BAC Scratch Online is a new digital project that Battersea Arts Centre is running with The Space. Using Scratch, we will support artists to create an ambitious and inspirational digital artwork especially for the internet. This week we are running our first Scratch Lab. This is what has happened so far…
DAY 1 Mon 20 Oct – Coding workshop
The day opened with an introduction of the history of the Internet and about its development from the first binary code to the World Wide Web. The workshop was delivered by Rob, one of the programmers involved in the project. Through this session participants gained knowledge about some of the most important figures in the history of the internet, such as Alan Turing and Tim Berners-Lee. They also explored some digital artworks and had a look at the Wayback Machine (a digital archive of the World Wide Web).
After the lunch break artists enjoyed a practical workshop in coding. They learnt to create a webpage using HTML, CSS and Java script codes. Their webpages featured a close memory and they introduced images, videos and links to illustrate their memories. They learnt to modify the size, font and colour of the different elements that appeared on the webpage.
At the end of the session Rob introduced a webpage that he created especially for the workshop. They could hack the site using a special API provided by him. It gave them an insight into the experience of being a hacker, but was all completely legal!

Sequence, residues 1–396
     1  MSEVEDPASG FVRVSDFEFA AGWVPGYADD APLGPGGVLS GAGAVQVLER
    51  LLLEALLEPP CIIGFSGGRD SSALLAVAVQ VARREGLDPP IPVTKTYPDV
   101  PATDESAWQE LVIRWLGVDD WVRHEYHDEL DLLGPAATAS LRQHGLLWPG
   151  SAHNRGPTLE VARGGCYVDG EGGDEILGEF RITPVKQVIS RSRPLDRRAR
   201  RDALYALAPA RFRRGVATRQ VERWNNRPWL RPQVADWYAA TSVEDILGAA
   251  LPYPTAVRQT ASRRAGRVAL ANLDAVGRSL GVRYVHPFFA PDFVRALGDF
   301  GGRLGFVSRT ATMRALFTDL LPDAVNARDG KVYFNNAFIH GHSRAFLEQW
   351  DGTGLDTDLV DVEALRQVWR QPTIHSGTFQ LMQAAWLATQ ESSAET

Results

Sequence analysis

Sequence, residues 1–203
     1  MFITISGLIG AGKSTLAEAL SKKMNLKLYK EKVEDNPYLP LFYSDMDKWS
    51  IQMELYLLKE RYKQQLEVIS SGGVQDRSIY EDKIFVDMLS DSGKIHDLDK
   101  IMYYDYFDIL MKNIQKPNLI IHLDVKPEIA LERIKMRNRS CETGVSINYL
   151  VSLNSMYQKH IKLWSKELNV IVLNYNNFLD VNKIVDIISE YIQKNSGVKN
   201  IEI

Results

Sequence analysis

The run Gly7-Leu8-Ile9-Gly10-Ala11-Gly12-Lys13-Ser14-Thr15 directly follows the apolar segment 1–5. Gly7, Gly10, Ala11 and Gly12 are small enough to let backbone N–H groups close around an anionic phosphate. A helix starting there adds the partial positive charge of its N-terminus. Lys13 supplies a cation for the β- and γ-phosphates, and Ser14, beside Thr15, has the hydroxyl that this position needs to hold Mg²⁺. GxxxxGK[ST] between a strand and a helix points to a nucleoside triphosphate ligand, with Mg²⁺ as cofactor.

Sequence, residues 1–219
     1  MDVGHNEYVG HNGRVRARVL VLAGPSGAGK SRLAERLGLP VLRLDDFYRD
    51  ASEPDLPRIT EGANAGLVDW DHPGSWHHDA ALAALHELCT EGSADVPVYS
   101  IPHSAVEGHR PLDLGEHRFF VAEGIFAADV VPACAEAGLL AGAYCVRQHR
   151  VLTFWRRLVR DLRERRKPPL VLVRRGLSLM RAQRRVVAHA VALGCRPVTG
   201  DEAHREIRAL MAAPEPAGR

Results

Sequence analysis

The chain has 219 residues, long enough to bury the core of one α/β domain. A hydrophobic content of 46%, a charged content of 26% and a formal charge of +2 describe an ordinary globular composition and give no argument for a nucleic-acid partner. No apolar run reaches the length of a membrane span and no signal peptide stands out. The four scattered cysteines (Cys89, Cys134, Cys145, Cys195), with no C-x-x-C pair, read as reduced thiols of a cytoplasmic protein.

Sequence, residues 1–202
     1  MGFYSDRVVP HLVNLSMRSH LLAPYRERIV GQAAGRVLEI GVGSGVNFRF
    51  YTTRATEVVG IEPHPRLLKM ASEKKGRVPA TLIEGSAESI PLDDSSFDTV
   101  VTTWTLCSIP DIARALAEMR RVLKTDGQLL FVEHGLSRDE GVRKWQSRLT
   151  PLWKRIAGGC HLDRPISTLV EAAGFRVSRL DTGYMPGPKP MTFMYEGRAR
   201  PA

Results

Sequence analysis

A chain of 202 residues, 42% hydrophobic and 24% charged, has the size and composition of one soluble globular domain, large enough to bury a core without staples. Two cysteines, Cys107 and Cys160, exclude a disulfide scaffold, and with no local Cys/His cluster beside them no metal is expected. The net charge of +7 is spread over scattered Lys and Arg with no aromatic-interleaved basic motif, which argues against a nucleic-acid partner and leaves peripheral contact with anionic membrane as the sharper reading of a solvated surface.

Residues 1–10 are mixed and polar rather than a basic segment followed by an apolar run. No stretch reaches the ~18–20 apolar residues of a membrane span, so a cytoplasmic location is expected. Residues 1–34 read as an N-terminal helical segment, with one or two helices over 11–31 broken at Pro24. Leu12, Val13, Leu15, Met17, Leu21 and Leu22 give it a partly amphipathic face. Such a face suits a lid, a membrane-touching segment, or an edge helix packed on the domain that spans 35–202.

DAY 2 Tues 21 Oct – Sessions with the Programmers and Producers
Artists introduced their ideas and goals to everyone in the room. After that, the group was divided in three different workgroups to chat about their ideas with one of the three programmers: Rob, Oscar, and Michael. They discussed about the opportunities that the Internet could offer their projects and how they can work to improve the functionality, visibility and impact of their ideas.
In the afternoon the programmers changed groups in order to exchange their ideas and to make sure that the artists could take advantage of the their different expertise. The artists and programmers identified challenges that they would need to solve for each project and discussed what would be feasible.
These session also allowed artists to enhance their network and to see their projects from a different point of view. The brainstorming process allowed them to shape their ideas that they will be presenting 22 Oct to a panel. Three ideas will be selected and developed into a Scratch 29 Nov (at the next Scratch Lab.)